World gone wrong: the financial crisis, labor market transitions and earnings in Serbia
While results are starting to emerge, not much is known yet about the dynamics of the labor markets of the former Eastern economies, especially in the context of the current financial crisis. Arguably, this is mainly due to paucity of (panel) data. By examining labor market transitions and earnings growth and their correlates using a recent panel data set for Serbia, this paper combines both of these issues. Estimation of gross transition probabilities reveals that females are disadvantaged in the Serbian labor market in terms of moving out of the two undesirable states, unemployment and economic inactivity, relative to males during the first year of the financial crisis—though males are harder hit than females in terms of the levels of unemployment. In terms of earnings growth, the picture is reversed, with females experiencing smaller earnings decreases than males (though, owing to the gender earnings gap, from a much lower base). Examining the determinants of employment, unemployment, and inactivity transitions and of earnings growth reveal substantial gender differences related to individual, job, and firm characteristics. The overall results therefore hint at both males and females being hit in terms of employment and earnings, though in different ways. Finally, the paper discusses policy implications and provides suggestions for further research. Copyright Springer Science+Business Media New York 2014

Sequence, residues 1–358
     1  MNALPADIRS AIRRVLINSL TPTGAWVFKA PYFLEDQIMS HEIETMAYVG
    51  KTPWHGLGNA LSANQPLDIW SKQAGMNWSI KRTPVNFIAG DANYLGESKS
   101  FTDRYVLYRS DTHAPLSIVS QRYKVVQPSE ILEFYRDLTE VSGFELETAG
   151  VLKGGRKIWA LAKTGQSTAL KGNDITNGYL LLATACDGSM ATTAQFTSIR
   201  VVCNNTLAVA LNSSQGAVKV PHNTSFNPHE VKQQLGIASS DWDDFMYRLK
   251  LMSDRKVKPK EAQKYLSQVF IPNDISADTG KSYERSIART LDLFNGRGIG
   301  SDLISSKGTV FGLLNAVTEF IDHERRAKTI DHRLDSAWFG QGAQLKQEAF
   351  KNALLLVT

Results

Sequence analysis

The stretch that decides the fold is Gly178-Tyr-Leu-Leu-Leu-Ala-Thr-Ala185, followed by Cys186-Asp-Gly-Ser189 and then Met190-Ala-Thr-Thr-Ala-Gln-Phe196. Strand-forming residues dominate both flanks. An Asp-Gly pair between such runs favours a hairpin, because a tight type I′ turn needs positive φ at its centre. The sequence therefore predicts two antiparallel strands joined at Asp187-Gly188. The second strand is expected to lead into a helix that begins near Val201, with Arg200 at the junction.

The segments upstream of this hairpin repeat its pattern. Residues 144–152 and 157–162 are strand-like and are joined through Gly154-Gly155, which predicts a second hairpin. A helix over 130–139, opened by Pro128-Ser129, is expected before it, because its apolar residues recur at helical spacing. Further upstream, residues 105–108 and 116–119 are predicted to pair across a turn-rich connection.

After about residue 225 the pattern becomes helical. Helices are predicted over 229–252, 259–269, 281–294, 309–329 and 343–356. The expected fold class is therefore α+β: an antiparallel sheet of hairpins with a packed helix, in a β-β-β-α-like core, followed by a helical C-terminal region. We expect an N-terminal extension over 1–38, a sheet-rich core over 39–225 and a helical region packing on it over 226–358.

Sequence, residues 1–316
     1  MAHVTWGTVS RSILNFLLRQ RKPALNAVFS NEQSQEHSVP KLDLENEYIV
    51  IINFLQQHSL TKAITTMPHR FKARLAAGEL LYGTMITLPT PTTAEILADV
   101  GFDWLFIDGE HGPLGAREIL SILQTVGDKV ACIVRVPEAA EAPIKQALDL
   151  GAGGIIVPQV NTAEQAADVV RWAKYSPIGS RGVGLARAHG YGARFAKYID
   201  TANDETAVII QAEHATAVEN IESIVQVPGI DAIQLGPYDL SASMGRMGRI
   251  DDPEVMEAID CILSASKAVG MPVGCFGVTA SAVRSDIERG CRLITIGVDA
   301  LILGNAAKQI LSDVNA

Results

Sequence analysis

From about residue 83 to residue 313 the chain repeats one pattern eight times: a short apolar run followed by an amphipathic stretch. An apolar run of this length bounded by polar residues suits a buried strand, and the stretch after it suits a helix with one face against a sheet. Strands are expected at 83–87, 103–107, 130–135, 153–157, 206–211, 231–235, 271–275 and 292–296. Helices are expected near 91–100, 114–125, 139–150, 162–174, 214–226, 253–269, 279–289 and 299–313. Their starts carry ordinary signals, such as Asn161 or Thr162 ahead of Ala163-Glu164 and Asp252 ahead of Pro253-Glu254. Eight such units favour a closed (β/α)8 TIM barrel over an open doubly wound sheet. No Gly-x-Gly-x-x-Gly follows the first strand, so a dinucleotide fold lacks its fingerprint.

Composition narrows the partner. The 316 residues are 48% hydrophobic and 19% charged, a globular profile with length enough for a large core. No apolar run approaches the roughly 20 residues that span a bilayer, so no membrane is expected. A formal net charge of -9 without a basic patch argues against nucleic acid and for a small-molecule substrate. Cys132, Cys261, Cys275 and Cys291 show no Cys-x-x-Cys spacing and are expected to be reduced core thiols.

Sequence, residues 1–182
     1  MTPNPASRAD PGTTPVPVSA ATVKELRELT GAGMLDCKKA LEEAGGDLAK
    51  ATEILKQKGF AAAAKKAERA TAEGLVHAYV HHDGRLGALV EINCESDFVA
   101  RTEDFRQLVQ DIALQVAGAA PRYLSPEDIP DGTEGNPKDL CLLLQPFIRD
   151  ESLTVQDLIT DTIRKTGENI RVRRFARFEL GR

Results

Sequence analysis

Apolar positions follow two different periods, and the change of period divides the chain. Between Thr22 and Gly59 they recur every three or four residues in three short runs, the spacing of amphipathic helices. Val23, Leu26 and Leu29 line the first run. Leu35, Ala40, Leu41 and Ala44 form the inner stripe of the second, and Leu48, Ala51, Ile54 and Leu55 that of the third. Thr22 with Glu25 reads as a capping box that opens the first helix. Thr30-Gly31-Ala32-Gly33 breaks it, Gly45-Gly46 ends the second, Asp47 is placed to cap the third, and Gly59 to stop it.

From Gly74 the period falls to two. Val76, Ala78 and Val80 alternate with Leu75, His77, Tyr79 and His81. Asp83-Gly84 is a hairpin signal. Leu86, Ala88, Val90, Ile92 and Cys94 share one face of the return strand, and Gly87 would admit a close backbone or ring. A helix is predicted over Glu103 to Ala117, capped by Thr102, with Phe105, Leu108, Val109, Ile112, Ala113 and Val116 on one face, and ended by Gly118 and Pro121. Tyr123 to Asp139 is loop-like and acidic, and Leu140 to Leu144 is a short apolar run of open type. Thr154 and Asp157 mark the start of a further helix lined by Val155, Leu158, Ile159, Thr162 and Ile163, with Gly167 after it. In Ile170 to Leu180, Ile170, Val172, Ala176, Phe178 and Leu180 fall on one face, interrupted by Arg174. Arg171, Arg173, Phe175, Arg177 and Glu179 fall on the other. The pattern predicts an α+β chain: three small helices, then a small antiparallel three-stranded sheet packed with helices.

If you experience problems downloading a file, check if you have the proper application to view it first. In case of further problems read the IDEAS help page. Note that these files are not on the IDEAS site. Please be patient as the files may be large.
As the access to this document is restricted, you may want to look for a different version under "Related research" (further below) or search for a different version of it.
Volume (Year): 47 (2014)
Issue (Month): 3 (August)
|Contact details of provider:|| Web page: http://www.springer.com|
|Order Information:||Web: http://www.springer.com/economics/development/journal/10644/PS2|
References listed on IDEAS